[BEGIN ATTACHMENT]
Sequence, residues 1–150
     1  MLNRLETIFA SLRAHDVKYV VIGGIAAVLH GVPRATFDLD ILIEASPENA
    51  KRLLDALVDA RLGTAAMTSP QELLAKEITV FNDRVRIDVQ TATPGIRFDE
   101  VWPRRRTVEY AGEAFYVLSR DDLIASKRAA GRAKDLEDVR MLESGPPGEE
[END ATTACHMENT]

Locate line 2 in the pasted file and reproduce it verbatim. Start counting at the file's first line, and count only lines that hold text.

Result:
     1  MLNRLETIFA SLRAHDVKYV VIGGIAAVLH GVPRATFDLD ILIEASPENA